I am not by nature a decisive person. Anxiety freights each choice with the potential for disaster, and where possible, I defer. It ought to come as no surprise, then, that I struggled with the decision to have a child—except that even to acknowledge the existence of such a decision is routinely considered a sign of failure. We talk about clocks. We talk about cycles. We talk about diminishing fertility, the prioritization of career over family, the horror of having left it “too late,” as though it were possible that half the population might be suffering a kind of culpable ignorance with regards to their own biology. I was embarrassed at the thought of discussing my uncertainty, as though anyone I confided in would snap back, Who are you, then, to have a child? I was humiliated by how hard it felt. That my future as a mother didn’t seem to me to be a given seemed related to those other ways in which I was not as I should be: my dislike of heels and holidays; my discomfort in dresses; the way my body failed to conform, growing larger than it ought to grow. It was my excess and my lack. The link between childbearing and femininity is such that feeling myself to be deficient in the latter, I felt disqualified from the former—or vice versa.
What is a woman who might choose not to have a child? I wanted a child because I wanted a family. Because I wanted to feel secure, a part of a structure. Because I wanted, in some slight way, to be necessary. Because I wanted to be loved. None of this seemed good enough. All of it was about me. I wanted a child because I wanted one.
My daughter was born three and a half years ago, and as I write this, I’m waiting with growing impatience for the birth of her sister; if I found the decision easier the second time, it was only because I remember what it’s like to be the only child in an unhappy family. I cannot guarantee that we will be happy, and so here we are. Still, the choice was rooted firmly in my own self-interest, my own desire (how could I bear never to see another pair of eyes six inches from my own and know they didn’t doubt me—to never have another person think I was infallible?). What other reason could there be?
I can’t imagine any decision more selfish than this: to bring another person into being without their say-so, simply because you desire it—because you want someone to love, or to love you back, or because you want the particular version of your future that you hope they might provide. Not only that but once made, this single choice locks you into a continual prioritization of the needs of one over the needs of others. Suddenly, as I watched my child start to navigate the world, the whole despicable edifice of privilege began to make a kind sense to me: the private educations and the inherited wealth, the drawing of veils across the uncongenial, the smoothing out of stony ground—anything to keep her as she is, so full of trust and wonder. What enterprise is more selfish? And yet it’s generally taken for granted, at least as far as women are concerned, that the reverse holds true: those who have chosen (or are perceived to have chosen) to remain childless are the selfish ones.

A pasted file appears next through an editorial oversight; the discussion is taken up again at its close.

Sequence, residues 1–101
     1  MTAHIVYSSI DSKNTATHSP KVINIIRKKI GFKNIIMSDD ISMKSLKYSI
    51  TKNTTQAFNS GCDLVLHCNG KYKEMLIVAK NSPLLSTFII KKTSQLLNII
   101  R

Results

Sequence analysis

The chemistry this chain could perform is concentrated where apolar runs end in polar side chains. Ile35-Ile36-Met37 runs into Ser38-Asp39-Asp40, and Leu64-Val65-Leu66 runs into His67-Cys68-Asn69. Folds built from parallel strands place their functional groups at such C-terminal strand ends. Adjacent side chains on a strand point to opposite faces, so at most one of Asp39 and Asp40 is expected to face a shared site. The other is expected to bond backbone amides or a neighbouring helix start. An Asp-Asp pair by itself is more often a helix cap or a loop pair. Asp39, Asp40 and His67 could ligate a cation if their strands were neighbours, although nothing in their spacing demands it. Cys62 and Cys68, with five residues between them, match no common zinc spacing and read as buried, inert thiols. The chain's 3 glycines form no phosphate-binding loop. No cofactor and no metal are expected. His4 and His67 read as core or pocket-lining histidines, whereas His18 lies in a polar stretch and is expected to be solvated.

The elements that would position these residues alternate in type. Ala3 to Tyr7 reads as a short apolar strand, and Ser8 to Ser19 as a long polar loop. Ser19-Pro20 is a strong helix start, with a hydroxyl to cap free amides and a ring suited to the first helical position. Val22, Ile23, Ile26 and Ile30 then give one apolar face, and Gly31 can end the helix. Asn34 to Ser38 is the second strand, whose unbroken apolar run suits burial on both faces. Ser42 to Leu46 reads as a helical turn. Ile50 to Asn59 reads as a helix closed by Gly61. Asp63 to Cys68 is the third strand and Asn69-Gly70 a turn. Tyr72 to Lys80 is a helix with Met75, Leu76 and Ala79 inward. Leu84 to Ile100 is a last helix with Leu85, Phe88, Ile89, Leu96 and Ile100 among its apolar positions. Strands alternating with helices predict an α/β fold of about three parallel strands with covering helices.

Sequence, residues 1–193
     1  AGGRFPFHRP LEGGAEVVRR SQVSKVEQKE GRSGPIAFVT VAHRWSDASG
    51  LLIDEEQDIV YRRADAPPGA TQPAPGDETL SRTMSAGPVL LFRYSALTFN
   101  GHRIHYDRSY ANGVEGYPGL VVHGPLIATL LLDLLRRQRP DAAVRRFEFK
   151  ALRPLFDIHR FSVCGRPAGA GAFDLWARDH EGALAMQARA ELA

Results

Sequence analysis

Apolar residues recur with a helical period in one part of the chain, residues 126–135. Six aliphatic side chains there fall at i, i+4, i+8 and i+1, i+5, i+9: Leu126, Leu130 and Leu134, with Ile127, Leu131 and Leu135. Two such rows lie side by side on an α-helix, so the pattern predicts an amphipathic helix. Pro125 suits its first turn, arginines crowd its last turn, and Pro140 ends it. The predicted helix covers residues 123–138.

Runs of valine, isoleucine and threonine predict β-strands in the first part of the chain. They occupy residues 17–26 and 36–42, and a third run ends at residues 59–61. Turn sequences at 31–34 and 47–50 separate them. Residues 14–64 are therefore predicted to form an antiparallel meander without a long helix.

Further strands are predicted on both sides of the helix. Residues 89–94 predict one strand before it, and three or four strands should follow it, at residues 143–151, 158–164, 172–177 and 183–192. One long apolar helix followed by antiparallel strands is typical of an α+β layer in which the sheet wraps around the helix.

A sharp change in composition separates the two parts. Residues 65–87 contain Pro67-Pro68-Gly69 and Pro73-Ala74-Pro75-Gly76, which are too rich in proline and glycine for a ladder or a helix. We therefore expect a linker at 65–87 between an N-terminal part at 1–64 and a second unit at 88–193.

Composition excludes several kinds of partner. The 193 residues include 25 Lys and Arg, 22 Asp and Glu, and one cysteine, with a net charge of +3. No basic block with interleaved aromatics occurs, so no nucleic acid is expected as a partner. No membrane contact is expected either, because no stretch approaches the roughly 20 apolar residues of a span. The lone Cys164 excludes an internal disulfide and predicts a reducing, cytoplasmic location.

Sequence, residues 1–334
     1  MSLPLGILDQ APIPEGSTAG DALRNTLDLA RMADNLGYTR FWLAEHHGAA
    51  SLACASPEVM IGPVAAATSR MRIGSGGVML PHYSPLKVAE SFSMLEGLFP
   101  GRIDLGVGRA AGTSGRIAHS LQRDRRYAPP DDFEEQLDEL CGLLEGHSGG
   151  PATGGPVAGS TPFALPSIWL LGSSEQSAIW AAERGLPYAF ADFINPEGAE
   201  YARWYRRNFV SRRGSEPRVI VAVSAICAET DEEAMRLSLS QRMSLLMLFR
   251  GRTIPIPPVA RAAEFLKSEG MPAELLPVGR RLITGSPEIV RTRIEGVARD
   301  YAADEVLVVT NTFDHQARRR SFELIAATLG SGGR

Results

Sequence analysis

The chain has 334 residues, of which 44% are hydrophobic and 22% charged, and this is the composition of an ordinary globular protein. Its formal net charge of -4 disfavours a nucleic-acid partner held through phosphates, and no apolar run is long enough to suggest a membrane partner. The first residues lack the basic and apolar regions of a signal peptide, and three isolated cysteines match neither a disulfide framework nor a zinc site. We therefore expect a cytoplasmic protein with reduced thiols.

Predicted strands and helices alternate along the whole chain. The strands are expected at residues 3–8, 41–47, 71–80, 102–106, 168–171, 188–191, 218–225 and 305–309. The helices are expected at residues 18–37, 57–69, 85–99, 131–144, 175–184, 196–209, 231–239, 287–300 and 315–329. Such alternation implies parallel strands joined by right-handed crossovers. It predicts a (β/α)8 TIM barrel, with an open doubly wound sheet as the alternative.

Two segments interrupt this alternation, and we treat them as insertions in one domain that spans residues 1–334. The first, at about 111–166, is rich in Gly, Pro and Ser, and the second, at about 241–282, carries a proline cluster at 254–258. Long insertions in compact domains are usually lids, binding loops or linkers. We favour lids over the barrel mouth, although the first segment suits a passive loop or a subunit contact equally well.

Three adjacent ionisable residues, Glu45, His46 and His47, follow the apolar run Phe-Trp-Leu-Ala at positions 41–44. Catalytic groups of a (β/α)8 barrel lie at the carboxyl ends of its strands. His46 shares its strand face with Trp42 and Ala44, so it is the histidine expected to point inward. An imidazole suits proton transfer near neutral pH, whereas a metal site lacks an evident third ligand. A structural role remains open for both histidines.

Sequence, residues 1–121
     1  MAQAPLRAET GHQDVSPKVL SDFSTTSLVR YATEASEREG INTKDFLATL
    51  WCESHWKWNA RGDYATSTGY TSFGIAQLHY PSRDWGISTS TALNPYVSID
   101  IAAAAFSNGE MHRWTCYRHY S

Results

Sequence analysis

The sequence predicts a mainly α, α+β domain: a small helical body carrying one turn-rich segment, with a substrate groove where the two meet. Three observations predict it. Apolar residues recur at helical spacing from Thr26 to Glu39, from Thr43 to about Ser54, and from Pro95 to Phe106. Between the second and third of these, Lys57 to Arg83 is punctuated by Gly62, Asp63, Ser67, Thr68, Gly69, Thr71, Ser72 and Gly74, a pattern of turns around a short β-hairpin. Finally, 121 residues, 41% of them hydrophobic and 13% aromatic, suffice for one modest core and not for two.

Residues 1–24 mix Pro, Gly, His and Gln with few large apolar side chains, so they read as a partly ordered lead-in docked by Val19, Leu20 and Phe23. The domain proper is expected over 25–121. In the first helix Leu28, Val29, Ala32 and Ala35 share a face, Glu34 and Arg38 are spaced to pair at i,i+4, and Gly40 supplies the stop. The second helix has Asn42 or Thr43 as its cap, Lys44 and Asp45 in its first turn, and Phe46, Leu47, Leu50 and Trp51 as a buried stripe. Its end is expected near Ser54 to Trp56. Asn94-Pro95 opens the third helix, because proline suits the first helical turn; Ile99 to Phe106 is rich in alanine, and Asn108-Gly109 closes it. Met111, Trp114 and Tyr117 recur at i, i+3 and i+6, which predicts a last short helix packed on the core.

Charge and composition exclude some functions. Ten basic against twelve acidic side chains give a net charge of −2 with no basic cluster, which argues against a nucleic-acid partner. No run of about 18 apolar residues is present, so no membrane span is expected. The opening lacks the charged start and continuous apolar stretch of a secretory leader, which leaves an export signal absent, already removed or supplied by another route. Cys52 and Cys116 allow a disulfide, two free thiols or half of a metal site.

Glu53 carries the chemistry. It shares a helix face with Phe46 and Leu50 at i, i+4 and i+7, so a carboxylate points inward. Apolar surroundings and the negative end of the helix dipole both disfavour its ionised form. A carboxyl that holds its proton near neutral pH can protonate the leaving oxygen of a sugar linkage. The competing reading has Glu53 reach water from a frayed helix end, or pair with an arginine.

The function of women is to care. This is what we are taught from the moment that we’re able to learn. We care for siblings, for parents, for neighbors and friends. We care for pets and dolls. And whatever else we might do, whatever other roles we might take on, let us never fail in this one; let it all be practice for our greatest undertaking, the careful raising of our children. For us to choose to prioritize some other aspect of our lives over this one—our jobs, perhaps, or (whisper it) our own health or happiness—is to fail on some fundamental level to be what we ought to be: kind, considerate, subsumed. Female.
Of course, there are plenty of women who are childless, electively or otherwise, and who continue to perform caring roles. The whole structure would collapse otherwise. These are women who are daughters and aunts and friends. These are women who volunteer, who foster, who take meals next door, who make phone calls or house calls, who fill in the myriad gaps between how things are and how they ought to be. But why should any of us feel the need to offer such a justification? Why should we have to excuse the exercise of choice? Why must we demonstrate through our actions that to make, or even to consider the possibility of making, this single decision shouldn’t leave us operating at a moral deficit—that we are not heartless, that we haven’t failed?
Men are their own reasons. They carry their justifications about with them in their bodies: inherent, not relational. A man without children is only a man without children, though we might wonder—a tiny ingrained reflex of thought—which woman it was who so failed him. We women, on the other hand, exist insofar as we play a role in the lives of others, and must always justify, with reference to such roles, any additional space we take up. That it might be enough for us to be ourselves—to live our own quiet lives as we see fit (having had, after all, no say in the getting of them), to pursue those endeavors we feel ourselves most fitted to, causing minimal harm, finding moderate success, being generally contented—is heresy.
If I sound angry, it’s because I can think of few choices owed more thought than that to have, or not to have, a child, and yet we’re barely allowed to admit to its being a choice at all. Or if we do admit it, then our very capacity to feel is called into question. Our hearts. Our loves. And yet we all must make the decision, in one form or another, and live with its consequences. Why can’t we say so? Surely—surely—it is the making of this choice, this weighing of possibilities, the careful, clear-eyed considering of who we are and who we want to be, that is our first, our fundamental, act of care.
Jessie Greengrass is the author of Sight, out this week from Hogarth.